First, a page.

She explains that all members of the community component of the ACAC have an equal voice in the committee and have always been free to state their opinions.

Harrow says it is her understanding that Mark and Jeffers resigned, for their own personal reasons, “but the bottom line was, their displeasure at the pace and, in some cases, the perceived direction of the community component of the ACAC”.

“In my response to Mr. Mark’s resignation, I stated my surprise that he would resign, given all the work and commitment that he had given to the TCDSB, over the years and recently, more specifically, to the ACAC. I was less surprised with Mr. Jeffers resignation, because he has voiced his intention to move on from the committee in the past few years, to other work that was more pressing. Both Mr. Mark and Mr. Jeffers have made valuable contributions to the work of ACAC and will be missed. Their input, from a historical perspective, was immeasurable and helped bring us to the space where, within the last year, the TCDSB has taken several steps toward the success of Black students, within the system.

“As this was a choice made by these two members of the committee, we must respect their decisions and their reasons, behind those decisions. We must, and we will, however, continue to work, diligently, towards the goal.”

Harrow proposes that the most important achievement, accomplished by the ACAC, is the terms of reference, which will guide the structure and work of the committee. They were developed by the community component of the ACAC, with input and acceptance from the staff component of the ACAC, and approved by the board of trustees in December of 2020. The terms of reference were presented, on behalf of the ACAC, by Jeffers and Mark.

Within the terms of reference, is a 5-year plan that sets a specific path for the board to follow, based on both the Ministry’s and the TCDSB’s areas of focus.

“Members of the community components are now sitting on committees and assisting in forming working groups that will address the changes that are critical in our move towards change, within the system. Student leaders are taking more responsible roles. The research department has begun to collect race-based data, etc.,” says Harrow.

She adds, following the terms of reference is a good start for the TCDSB to address anti-racism, especially anti-Black racism, in the school system that it governs.

“Since the approval of that document, the board has focused their efforts on addressing the changes that need to be made in many areas of service delivery, but the educational system, as many other systems in our country, need to be changed, from old systems of racism and oppression to a more equitable mode of operation. The community component of the ACAC will continue to provide critical support, as we are aware that oppressive systems, such as these, are not easily dismantled, overnight,” states Harrow.

Meanwhile, Chen and Latham say the TCDSB has undertaken numerous initiatives to combat racism, many of which specifically target anti-Black racism, anti-Indigeneity, and anti-Asian racism.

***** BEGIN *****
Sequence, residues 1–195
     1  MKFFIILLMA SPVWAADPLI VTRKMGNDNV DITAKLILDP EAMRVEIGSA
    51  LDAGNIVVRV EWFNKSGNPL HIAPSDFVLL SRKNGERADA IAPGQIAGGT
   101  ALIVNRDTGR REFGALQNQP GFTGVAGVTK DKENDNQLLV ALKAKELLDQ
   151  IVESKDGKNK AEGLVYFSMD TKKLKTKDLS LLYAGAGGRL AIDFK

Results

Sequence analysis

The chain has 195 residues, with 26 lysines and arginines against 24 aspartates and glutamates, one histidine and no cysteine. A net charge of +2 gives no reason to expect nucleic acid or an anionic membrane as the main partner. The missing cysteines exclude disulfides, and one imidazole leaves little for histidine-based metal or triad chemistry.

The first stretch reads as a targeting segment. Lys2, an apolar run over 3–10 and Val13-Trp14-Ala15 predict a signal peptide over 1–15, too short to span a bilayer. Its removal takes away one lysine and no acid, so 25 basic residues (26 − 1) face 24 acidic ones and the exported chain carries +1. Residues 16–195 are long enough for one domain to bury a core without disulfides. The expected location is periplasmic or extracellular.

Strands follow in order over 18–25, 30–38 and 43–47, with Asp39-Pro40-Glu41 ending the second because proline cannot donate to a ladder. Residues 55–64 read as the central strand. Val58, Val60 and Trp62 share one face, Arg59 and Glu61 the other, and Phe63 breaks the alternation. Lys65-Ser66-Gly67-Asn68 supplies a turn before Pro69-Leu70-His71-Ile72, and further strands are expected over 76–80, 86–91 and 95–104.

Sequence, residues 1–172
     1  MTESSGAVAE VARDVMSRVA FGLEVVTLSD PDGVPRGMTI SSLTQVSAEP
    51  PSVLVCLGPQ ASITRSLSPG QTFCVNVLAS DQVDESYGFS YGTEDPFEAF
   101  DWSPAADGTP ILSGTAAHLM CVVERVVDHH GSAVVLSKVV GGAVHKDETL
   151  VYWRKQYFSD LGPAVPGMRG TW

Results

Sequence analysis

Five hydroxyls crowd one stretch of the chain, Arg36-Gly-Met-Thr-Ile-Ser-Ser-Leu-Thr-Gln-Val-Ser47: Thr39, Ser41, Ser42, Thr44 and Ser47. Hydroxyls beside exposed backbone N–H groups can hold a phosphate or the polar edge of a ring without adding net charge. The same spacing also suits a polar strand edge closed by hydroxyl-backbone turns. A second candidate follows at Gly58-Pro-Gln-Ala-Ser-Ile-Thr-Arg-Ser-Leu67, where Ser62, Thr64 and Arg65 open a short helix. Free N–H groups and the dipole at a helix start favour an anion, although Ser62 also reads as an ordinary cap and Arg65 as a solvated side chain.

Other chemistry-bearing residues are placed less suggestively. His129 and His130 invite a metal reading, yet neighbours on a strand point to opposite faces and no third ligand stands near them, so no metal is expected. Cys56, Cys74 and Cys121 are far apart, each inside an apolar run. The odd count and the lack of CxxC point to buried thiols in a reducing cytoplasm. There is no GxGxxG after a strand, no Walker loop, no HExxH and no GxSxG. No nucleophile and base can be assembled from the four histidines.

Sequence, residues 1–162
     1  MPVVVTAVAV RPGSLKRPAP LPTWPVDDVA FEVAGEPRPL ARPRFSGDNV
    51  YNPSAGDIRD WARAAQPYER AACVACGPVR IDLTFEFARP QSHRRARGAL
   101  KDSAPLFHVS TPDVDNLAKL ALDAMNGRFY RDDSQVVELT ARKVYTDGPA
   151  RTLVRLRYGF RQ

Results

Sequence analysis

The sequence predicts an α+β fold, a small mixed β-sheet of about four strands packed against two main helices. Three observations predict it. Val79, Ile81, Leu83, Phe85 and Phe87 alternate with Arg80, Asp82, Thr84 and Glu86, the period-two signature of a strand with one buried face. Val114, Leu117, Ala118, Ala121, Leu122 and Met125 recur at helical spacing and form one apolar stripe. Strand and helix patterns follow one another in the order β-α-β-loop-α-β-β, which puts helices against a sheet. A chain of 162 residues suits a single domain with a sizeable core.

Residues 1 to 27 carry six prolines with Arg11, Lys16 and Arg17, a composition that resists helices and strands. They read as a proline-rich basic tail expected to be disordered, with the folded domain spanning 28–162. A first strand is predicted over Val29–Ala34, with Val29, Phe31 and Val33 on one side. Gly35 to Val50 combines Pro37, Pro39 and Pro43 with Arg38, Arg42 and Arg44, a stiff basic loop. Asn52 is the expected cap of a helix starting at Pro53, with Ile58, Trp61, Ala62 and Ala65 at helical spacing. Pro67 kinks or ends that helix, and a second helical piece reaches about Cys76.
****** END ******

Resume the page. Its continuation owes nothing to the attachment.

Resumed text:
Since August 2020, the Equity Department has rolled out a number of initiatives, including dismantling anti-Black racism strategy/virtual focus groups, to learn more about the lived experiences of all Black stakeholders in the TCDSB. There is also the creation of the next equity action plan and an anti-racism conference for students will be held on May 11 and 12.

Regarding the use of the Equity and Inclusive Education Strategy, the TCDSB says Mark’s recommendations have been noted, however, the original 2009 Equity and Inclusive Education Strategy (EIES) and updated 2014 EIES were incorporated into its current TCDSB Equity Action Plan (EAP).

“The TCDSB EAP was modelled after the Ministry of Education’s 2017 Ontario Education Equity Action Plan (OEEAP) and was, in fact, inspired, and builds on, the EIES,” say Chen and Latham, in an email response, noting that Patrick Case, the assistant deputy minister of the Equity Secretariat, actually views the OEEAP as superseding the EIES.

“By adopting the new and improved TCDSB Equity Action Plan, the board is using the previous EIES as a roadmap to provide a framework and devise policies, programs, and practices to combat anti-BIPOC racism. In short, the TCDSB Equity Action Plan is a new, and improved, version of the EIES, as both strategies were envisioned to combat anti-BIPOC racism.”

They note that, in addition, the new terms of reference for the ACAC identify that the eight areas of focus, from the 2014 EIE Strategy, are important.

Currently, the members of the new Race Relations Committee is being selected, and Chen is anticipating that the report, recommending membership to the committee, will be included in the Student Achievement and Well-Being (SAWB) Committee meeting on May 6.

In the meantime, Caitlin Clark, spokesperson for Education Minister, Stephen Lecce, says the ministry expects that all boards will ensure that their schools promote safe and quality learning, without discrimination, for all students.

“We remain squarely focused on driving racism and hate out of our schools and our province — by ensuring real accountability for those, who perpetrate racism; mandating anti-racism training for trustees and senior board leadership; as well as ending the practice of de-streaming, which disproportionately affected racialized students,” she elaborated.

The ministry notes that the TCDSB is making progress in addressing anti-Black racism, anti-Indigenous and anti-Asian racism, adding that recently, the director of education, Dr. Brendan Browne, sent a very long list of initiatives that the board has undertaken, since the beginning of the school year.

The ministry stated that Browne has support for his efforts from other members of the board’s African Canadian Advisory Committee.

“What is clear is that, by his concrete actions, within his short tenure, Browne has significantly elevated the importance of addressing racism and discrimination throughout the board,” it said.

One comment

  1. The board has refused to address racism issues for a long time , they just post policies that never work. Not surprised people are leaving the organization.

Leave a Reply

Your email address will not be published.

Scroll To Top